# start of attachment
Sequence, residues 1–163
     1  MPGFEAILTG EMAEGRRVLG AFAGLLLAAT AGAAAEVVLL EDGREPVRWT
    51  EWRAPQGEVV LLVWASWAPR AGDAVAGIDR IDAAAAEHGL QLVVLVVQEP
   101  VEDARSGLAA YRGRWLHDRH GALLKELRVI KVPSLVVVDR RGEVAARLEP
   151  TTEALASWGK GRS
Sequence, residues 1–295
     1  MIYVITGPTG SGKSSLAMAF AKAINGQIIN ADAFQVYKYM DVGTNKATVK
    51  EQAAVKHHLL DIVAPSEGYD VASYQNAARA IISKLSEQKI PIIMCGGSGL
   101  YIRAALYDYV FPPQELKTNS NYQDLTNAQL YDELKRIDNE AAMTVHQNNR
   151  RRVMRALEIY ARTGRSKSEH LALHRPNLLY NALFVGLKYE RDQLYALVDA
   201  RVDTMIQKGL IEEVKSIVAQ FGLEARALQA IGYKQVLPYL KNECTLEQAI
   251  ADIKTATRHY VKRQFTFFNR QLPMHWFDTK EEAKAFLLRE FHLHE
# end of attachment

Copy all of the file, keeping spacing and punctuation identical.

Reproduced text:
Sequence, residues 1–163
     1  MPGFEAILTG EMAEGRRVLG AFAGLLLAAT AGAAAEVVLL EDGREPVRWT
    51  EWRAPQGEVV LLVWASWAPR AGDAVAGIDR IDAAAAEHGL QLVVLVVQEP
   101  VEDARSGLAA YRGRWLHDRH GALLKELRVI KVPSLVVVDR RGEVAARLEP
   151  TTEALASWGK GRS
Sequence, residues 1–295
     1  MIYVITGPTG SGKSSLAMAF AKAINGQIIN ADAFQVYKYM DVGTNKATVK
    51  EQAAVKHHLL DIVAPSEGYD VASYQNAARA IISKLSEQKI PIIMCGGSGL
   101  YIRAALYDYV FPPQELKTNS NYQDLTNAQL YDELKRIDNE AAMTVHQNNR
   151  RRVMRALEIY ARTGRSKSEH LALHRPNLLY NALFVGLKYE RDQLYALVDA
   201  RVDTMIQKGL IEEVKSIVAQ FGLEARALQA IGYKQVLPYL KNECTLEQAI
   251  ADIKTATRHY VKRQFTFFNR QLPMHWFDTK EEAKAFLLRE FHLHE